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Showing 12,901 through 12,925 of 13,133 results

Word Freak: Heartbreak, Triumph, Genius, and Obsession in the World of Competitive Scrabble Players

by Stefan Fatsis

Stefan Fatsis first became intrigued with Scrabble as he watched serious players in New York's Washington Square. As he delved deeper, he found that professional players approached the game with obsessive zeal, memorizing word lists, comparing ratings, and calculating mathematical odds of drawing a winning rack of tiles. Fatsis himself became fascinated with the game and honed his own skills until he was able to enter tournaments with the pros. In this book Fatsis introduces many of the eccentrics who make Scrabble their life, and traces the history of the game from its origins in the 1930s.

Word is Out: A Queer Film Classic

by Greg Youmans

A Queer Film Classic on the groundbreaking 1977 documentary that profiles the lives of ordinary gay men and lesbians of different ages, races, and backgrounds; it was the first of its kind to do so, and played a role in the then-nascent struggle for gay rights (being released at the same time as Anita Bryant waged her anti-gay campaign in Florida). Greg Youmans is a scholar, maker, and programmer of queer film and video. Arsenal's Queer Film Classics series cover some of the most important and influential films about and by LGBTQ people.

Words at War: World War II Era Radio Drama and the Postwar Broadcasting Industry Blacklist

by Howard Blue

The history of radio broadcasting in the US, with an emphasis on World War II and the blacklisting during the 1950s.

Words for the Theatre: Four Essays on the Dramatic Text (Focus on Dramaturgy)

by David Cole

In Words for the Theatre, playwright David Cole pursues a course of dramaturgical self-questioning on the part of a playwright, centred on the act of playwriting. The book’s four essays each offer a dramaturgical perspective on a different aspect of the playwright’s practice: How does the playwright juggle the transcriptive and prescriptive aspects of their activity? Does the ultimate performance of a playtext in fact represent something to which all writing aspires? Does the playwright’s process of withdrawing to create their text echo a similar process in the theatre more widely? Finally, how can the playwright counter theatre’s pervasive leaning towards the ‘mistake’ of realism? Suited to playwrights, teachers, and higher-level students, this volume of essays offers reflections on the questions that confront every playwright, from an author well-versed in supplying words for the theatre.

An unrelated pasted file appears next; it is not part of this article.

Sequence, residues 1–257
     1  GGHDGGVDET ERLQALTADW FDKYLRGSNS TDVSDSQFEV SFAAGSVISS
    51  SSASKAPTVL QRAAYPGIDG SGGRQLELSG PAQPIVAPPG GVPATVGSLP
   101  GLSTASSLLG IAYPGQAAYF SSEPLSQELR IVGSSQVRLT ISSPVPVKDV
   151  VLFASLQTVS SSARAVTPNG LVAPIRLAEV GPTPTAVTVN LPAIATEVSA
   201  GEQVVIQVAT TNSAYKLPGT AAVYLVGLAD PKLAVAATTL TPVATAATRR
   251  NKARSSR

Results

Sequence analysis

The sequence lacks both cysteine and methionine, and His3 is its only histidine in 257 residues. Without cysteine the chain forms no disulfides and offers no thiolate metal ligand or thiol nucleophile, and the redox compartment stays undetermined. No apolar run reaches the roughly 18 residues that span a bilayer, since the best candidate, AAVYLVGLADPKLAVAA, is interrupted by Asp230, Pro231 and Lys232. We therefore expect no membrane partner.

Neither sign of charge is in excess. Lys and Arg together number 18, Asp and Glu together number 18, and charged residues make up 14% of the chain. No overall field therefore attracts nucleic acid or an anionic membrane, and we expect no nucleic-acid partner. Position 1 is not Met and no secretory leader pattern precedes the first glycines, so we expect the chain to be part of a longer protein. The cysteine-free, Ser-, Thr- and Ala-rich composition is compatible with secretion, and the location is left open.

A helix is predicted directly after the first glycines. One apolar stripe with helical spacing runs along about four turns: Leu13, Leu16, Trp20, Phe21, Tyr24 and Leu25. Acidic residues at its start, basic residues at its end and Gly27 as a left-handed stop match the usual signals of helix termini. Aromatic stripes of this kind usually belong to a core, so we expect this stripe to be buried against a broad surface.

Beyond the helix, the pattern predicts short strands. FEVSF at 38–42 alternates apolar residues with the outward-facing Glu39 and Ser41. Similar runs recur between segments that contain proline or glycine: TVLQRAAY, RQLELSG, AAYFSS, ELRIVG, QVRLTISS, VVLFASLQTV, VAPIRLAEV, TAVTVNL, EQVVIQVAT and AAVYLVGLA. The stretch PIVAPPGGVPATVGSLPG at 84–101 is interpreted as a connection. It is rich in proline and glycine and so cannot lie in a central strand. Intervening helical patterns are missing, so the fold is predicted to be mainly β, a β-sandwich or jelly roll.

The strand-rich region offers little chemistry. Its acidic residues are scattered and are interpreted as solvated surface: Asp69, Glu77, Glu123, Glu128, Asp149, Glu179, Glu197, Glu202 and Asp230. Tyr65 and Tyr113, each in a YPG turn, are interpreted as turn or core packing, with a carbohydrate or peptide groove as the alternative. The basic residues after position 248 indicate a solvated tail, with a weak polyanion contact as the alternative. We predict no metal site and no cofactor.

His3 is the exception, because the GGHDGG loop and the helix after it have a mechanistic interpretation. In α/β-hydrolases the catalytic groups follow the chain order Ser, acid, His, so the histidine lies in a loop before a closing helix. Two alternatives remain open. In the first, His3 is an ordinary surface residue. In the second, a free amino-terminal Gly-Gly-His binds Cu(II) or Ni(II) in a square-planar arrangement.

Words of the Dragon

by Bruce Lee

This collection of newspaper and magazine interviews with Bruce Lee follows his acting career from his debut in The Green Hornet to international stardom in The Big Boss, Fist of Fury, Way of the Dragon and Enter the Dragon.

Words on Screen (Film and Culture Series)

by Michel Chion

Michel Chion is well known in contemporary film studies for his innovative investigations into aspects of cinema that scholars have traditionally overlooked. Following his work on sound in film in Audio-Vision and Film, a Sound Art, Words on Screen is Chion's survey of everything the seventh art gives us to read on screen. He analyzes titles, credits, and intertitles, but also less obvious forms of writing that appear on screen, from the tear-stained letter in a character's hand to reversed writing seen in mirrors. Through this examination, Chion delves into the multitude of roles that words on screen play: how they can generate narrative, be torn up or consumed but still remain in the viewer's consciousness, take on symbolic dimensions, and bear every possible relation to cinematic space.With his characteristic originality, Chion performs a poetic inventory of the possibilities of written text in the film image. Taking examples from hundreds of films spanning years and genres, from the silents to the present, he probes the ways that words on screen are used and their implications for film analysis and theory. In the process, he opens up and unearths the specific poetry of visual text in film. Exhaustively researched and illustrated with hundreds of examples, Words on Screen is a stunning demonstration of a creative scholar's ability to achieve a radically new understanding of cinema.